They deposit an average of 110 eggs by nest and the period of incubation runs 46 to 65 days, depending on the temperature. Olive Ridley's are famous for their mass beaching when literally dozens upon dozens of females come ashore to lay. The females return every one to two years. A same turtle can lay eggs up to 2 times each season, in an interval of 17 to 28 days.

The Hawksbill sea turtle (Eretmochelys imbricate) are most commonly found in hard-bottomed and reef habitats containing sponges.. They also reside in shoals, lagoons of oceanic islands, and continental shelves. In general, they are found in water no deeper than sixty feet (18.3 m). When hawksbill turtles are young, they are unable to dive into deep water, and therefore are forced to live in masses of floating sea plants, such as sargassum. Mating for mature hawksbill's occurs about every two years and the females always return to the beach where they originally hatched.

The Black Sea Turtle (Chelonia mydas agassizi) is closely related to the common Green Sea turtle, but it is slightly smaller with weights ranging from 150 to 280 pounds. Their range is the tropical eastern Pacific and nesting areas can be found along the Central American coast and they are the only species of turtle to be found nesting in the Galapagos Islands.

Marine turtles return to lay eggs to the same beach of their birth once they reach sexual maturity. Exactly how the turtle know which beach is the right one is most likely a combination of smell and some sort of internal tracking (we asked and they aren't talking). Once the eggs hatch the baby turtles dig their way out of the shallow nests and head into the sea.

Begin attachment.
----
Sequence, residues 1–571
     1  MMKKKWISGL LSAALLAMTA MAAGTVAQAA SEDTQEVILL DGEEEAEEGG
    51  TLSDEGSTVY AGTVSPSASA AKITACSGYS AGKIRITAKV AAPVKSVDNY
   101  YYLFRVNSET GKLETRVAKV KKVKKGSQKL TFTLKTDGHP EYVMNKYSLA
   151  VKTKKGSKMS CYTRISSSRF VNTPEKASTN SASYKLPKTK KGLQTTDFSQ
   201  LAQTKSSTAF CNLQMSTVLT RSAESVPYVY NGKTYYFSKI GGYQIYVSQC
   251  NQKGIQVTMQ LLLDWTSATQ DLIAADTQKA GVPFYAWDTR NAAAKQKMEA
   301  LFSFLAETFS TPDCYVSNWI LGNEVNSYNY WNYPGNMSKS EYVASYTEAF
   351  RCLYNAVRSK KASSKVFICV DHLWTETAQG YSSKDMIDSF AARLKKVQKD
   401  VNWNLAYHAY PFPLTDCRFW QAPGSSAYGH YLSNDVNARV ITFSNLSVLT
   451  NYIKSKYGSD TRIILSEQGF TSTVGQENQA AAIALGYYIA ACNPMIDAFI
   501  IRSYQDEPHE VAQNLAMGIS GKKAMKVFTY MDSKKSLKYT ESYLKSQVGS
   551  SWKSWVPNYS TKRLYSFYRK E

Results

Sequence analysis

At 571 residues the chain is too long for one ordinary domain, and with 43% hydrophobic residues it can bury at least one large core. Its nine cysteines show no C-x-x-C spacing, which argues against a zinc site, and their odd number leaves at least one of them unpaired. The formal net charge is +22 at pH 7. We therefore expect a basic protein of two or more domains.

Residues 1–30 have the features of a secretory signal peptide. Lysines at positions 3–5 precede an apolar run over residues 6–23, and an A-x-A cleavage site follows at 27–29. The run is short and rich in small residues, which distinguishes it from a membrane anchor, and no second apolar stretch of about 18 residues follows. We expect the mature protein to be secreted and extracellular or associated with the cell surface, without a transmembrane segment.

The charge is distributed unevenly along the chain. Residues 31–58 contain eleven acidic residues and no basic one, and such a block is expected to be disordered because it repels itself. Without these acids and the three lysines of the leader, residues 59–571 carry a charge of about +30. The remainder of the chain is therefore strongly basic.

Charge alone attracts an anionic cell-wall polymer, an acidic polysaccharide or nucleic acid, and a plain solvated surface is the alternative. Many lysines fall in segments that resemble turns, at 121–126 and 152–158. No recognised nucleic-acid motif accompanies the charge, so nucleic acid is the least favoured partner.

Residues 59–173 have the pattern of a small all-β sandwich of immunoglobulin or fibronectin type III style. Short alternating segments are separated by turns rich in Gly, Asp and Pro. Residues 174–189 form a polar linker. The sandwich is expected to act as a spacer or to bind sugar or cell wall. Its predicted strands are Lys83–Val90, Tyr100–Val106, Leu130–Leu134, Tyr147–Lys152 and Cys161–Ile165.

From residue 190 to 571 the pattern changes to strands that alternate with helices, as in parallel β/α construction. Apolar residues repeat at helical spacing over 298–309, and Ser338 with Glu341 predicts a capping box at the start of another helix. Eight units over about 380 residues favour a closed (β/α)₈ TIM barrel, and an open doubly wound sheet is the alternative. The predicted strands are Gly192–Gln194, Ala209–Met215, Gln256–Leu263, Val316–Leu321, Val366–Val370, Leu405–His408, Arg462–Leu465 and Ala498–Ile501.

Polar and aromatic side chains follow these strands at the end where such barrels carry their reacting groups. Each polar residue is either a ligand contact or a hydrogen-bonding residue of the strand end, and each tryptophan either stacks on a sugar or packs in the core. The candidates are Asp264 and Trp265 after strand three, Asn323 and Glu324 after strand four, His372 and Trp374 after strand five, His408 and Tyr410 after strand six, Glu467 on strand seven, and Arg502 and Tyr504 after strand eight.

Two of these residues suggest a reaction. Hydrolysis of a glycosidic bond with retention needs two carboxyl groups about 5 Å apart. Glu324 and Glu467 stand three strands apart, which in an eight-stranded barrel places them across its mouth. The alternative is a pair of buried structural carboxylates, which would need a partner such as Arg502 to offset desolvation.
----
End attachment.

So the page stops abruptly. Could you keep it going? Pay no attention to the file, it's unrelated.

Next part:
According to Hacienda Matapalo data taken between 2005 and 2008, 900 turtles were registered at Matapalo Beach; altogether 42,743 eggs have been protected and 35,794 baby turtles (tortuguitas) were freed. In spite of the monitoring taking place, it is expected that about 20% eggs laid on the beaches of Costa Rica are extracted by the egg poachers. Natural predators include wild pigs, coati, and birds.

Threats by man

The populations of turtles can survive the natural threats, but the intervention of man has brought about a noticeable acceleration in the loss of the populations. The main threats by man are the alteration of the turtles habitat: the egg extraction for consumption or commerce, pollution, urban development in coastal zones with an increase of artificial light in nesting areas; plus the incidental capture in commercial fishing operations and finally egg depredation by domestic animals such as dogs and feral cats.

Through sponsorship from Hacienda Matapalo the marine turtle project has been supplied with all of the materials and equipment to construct secure nesting areas. In addition the expense for maintaining the manpower for its construction was covered as well. The breeding ground has an area of 200 square meters (over 2,100 square feet) which will house about 200 nests for this season.

Also, Hacienda Matapalo has donated funds for the purchase of instruments and software for recording the data for soil and water temperatures and the relative humidity of the nests with the aim of determining how these factors influence the sex of the turtle hatchlings. These instruments will allow us to monitor about 30 nests for a period of about two months, which covers the time line from egg laying to hatching. Over the entire season about 60 nests will be monitored.

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Source by Ed Sklar